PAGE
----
How To Plug a Tire Without a Plug Kit
Getting a flat tire is one of the oldest excuses in the book for arriving late, but it still works. However, when you need to go somewhere and a flat tire is no longer an excuse but a reality, plugging the tire is akin to survival. Not having a tire plug kit at that time can cost you.
For situations like these, it is essential to know how to plug a tire without a plug kit.
The process is simple, but you need to show some artistic skills to plug a tire without a kit. First, cut out a small piece of rubber from an old tire and insert it into the punctured hole with a screwdriver. Then, make sure to apply gorilla glue on the rubber strip before pushing it in to stick to the tire. Finally, cut out the rubber protruding out from the tire and continue with your journey.
Read on for a detailed excerpt on how to plug a tire without a kit.
What You Need To Know About Plugging a Tire Without a Plug Kit
One of the questions that might be making rounds in your head is whether to plug the tire or patch it? Well, irrespective of what you do, both these solutions provide temporary assistance.
Hence, plugging the tire is not a permanent solution, not even if you are doing it with a professional kit. For tires that are too old to run even with plugs and patches, the best thing to do is replacing the tires.
Also, if the puncture or leakage is on the tire sidewalls, do not plug. Yes, the chances of a tire getting from the sidewall is rare, but if you run into this unfortunate situation, do not plug it. Yes, there is a reason behind it.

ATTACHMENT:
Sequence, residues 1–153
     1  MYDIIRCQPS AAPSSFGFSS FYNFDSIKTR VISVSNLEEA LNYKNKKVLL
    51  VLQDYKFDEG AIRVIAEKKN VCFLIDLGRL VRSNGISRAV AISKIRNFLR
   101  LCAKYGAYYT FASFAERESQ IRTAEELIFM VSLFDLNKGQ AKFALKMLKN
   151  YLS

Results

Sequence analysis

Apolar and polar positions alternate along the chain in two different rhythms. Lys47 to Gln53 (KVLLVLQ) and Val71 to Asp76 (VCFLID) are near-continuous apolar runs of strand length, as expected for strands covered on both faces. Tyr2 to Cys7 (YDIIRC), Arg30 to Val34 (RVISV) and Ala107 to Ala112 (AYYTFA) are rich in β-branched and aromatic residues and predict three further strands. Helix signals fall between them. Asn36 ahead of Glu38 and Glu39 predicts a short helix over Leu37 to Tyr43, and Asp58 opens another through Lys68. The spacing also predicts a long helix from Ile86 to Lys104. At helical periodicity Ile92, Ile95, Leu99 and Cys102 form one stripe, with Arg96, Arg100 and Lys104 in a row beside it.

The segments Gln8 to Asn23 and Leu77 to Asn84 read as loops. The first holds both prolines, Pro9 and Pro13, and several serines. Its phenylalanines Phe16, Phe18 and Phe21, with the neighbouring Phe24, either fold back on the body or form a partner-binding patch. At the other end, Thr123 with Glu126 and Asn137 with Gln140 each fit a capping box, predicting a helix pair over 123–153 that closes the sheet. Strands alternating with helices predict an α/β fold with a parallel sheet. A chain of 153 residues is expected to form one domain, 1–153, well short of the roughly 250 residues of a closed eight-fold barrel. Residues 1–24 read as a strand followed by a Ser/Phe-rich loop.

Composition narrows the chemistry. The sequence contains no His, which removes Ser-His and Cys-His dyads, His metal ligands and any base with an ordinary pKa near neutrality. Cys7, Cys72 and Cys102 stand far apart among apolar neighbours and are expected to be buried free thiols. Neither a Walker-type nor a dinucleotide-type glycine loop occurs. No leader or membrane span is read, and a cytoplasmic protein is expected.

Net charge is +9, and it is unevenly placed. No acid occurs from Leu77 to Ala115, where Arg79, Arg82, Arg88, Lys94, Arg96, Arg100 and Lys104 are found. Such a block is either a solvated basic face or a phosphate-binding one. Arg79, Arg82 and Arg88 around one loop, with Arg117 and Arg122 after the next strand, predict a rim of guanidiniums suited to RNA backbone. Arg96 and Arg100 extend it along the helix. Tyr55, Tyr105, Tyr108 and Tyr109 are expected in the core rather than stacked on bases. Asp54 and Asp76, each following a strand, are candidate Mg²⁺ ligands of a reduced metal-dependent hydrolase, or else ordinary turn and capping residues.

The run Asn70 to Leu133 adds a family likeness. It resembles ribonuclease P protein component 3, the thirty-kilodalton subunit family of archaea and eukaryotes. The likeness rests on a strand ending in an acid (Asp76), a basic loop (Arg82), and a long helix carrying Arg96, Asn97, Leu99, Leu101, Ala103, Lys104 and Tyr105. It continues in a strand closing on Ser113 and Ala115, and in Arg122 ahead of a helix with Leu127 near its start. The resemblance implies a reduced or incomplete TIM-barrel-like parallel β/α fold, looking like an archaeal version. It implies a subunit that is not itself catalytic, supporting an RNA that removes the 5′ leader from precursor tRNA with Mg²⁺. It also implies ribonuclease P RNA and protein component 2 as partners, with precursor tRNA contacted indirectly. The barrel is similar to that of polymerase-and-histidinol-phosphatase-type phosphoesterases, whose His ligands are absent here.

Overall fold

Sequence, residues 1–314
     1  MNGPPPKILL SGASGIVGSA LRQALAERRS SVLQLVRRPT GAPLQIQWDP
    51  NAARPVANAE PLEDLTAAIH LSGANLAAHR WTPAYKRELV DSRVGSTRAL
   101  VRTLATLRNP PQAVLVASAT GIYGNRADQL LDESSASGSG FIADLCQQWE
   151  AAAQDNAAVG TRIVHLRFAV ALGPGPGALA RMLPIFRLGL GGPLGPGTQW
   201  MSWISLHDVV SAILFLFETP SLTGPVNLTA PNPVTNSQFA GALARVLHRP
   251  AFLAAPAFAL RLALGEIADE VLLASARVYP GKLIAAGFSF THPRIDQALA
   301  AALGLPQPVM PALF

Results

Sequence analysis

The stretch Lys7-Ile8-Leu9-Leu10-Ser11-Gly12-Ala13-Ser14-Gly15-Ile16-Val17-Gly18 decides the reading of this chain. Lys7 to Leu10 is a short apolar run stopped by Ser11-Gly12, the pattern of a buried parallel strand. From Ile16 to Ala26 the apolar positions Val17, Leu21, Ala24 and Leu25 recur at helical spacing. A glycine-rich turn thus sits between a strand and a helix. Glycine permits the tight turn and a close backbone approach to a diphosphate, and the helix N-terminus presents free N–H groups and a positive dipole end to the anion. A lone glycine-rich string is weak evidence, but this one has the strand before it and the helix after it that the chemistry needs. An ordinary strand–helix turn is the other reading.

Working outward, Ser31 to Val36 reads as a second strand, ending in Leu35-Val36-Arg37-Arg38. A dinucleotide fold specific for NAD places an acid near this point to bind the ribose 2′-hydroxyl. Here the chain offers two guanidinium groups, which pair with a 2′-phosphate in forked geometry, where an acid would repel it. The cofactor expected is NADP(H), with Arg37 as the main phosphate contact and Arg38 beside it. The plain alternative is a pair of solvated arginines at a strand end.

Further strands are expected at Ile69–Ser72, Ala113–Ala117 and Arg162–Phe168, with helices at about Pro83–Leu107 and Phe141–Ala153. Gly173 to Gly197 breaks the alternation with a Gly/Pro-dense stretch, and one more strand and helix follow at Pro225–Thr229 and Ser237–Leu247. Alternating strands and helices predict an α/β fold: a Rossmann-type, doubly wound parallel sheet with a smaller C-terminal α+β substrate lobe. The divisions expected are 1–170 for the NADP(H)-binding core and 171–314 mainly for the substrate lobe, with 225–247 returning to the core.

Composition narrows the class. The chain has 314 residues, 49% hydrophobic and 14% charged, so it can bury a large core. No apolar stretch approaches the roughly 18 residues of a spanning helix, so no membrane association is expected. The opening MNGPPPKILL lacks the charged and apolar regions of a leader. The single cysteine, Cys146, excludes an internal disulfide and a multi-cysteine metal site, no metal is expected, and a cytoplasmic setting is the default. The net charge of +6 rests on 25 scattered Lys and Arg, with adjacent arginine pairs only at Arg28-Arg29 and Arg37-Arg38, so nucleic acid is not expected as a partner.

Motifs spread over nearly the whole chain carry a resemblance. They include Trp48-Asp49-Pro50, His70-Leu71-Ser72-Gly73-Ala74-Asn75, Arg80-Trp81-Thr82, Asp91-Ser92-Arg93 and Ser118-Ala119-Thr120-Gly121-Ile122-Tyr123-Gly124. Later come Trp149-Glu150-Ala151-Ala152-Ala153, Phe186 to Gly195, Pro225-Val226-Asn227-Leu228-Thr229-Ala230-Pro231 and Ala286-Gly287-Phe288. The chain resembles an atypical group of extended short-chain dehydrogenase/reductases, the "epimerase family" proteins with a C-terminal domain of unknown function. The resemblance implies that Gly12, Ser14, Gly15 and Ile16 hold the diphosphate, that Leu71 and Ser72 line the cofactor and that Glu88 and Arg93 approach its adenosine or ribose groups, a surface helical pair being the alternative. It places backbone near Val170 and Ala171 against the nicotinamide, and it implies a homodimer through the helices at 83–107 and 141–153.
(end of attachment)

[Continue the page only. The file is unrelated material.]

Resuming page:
You see, tire rotations cause some unprecedented changes in terms of expansion. This can force the plug out as the tire can also bulge or contract during high-speed driving. The same can also tip over the car.
Supplies You’ll Need For Plugging Your Tire
Here are the things you will need to plug a tire without using a plug kit.
- Rubber or Screws
- Working gloves
- Sharp scissors or knife
- Air compressor
- Gorilla glue
Here is one reason to always keep a swiss knife in your vehicle. As for the other items concerned, gorilla glue is readily available in any departmental store. Keeping a pair of gloves and a screwdriver in the vehicle is also necessary.
In other words, all these items are used daily, and it would be great to keep them in your car even if you don’t want to spend money on a plug kit.
How To Plug Your Tire Without a Plug Kit
Here is the step-by-step process to plug a tire without using a professional plug kit.
- Step 1: Remove the tire from the wheel and take it to a well-lit place. If you are under the sky, the light from the sun should be enough. The real challenge will be plugging the tire in the night. So, ensure that you either take your car or the tire separately to a well-lit place.
- Step 2: Start looking for the object pierced into the tire. It can be hard to see even in daylight. So, a better option is to use soapy water. To make it, you can use a paper soap and pour it over the tire. Keep an eye on the bubbles popping out from the tire. Where there are bubbles, there is leakage.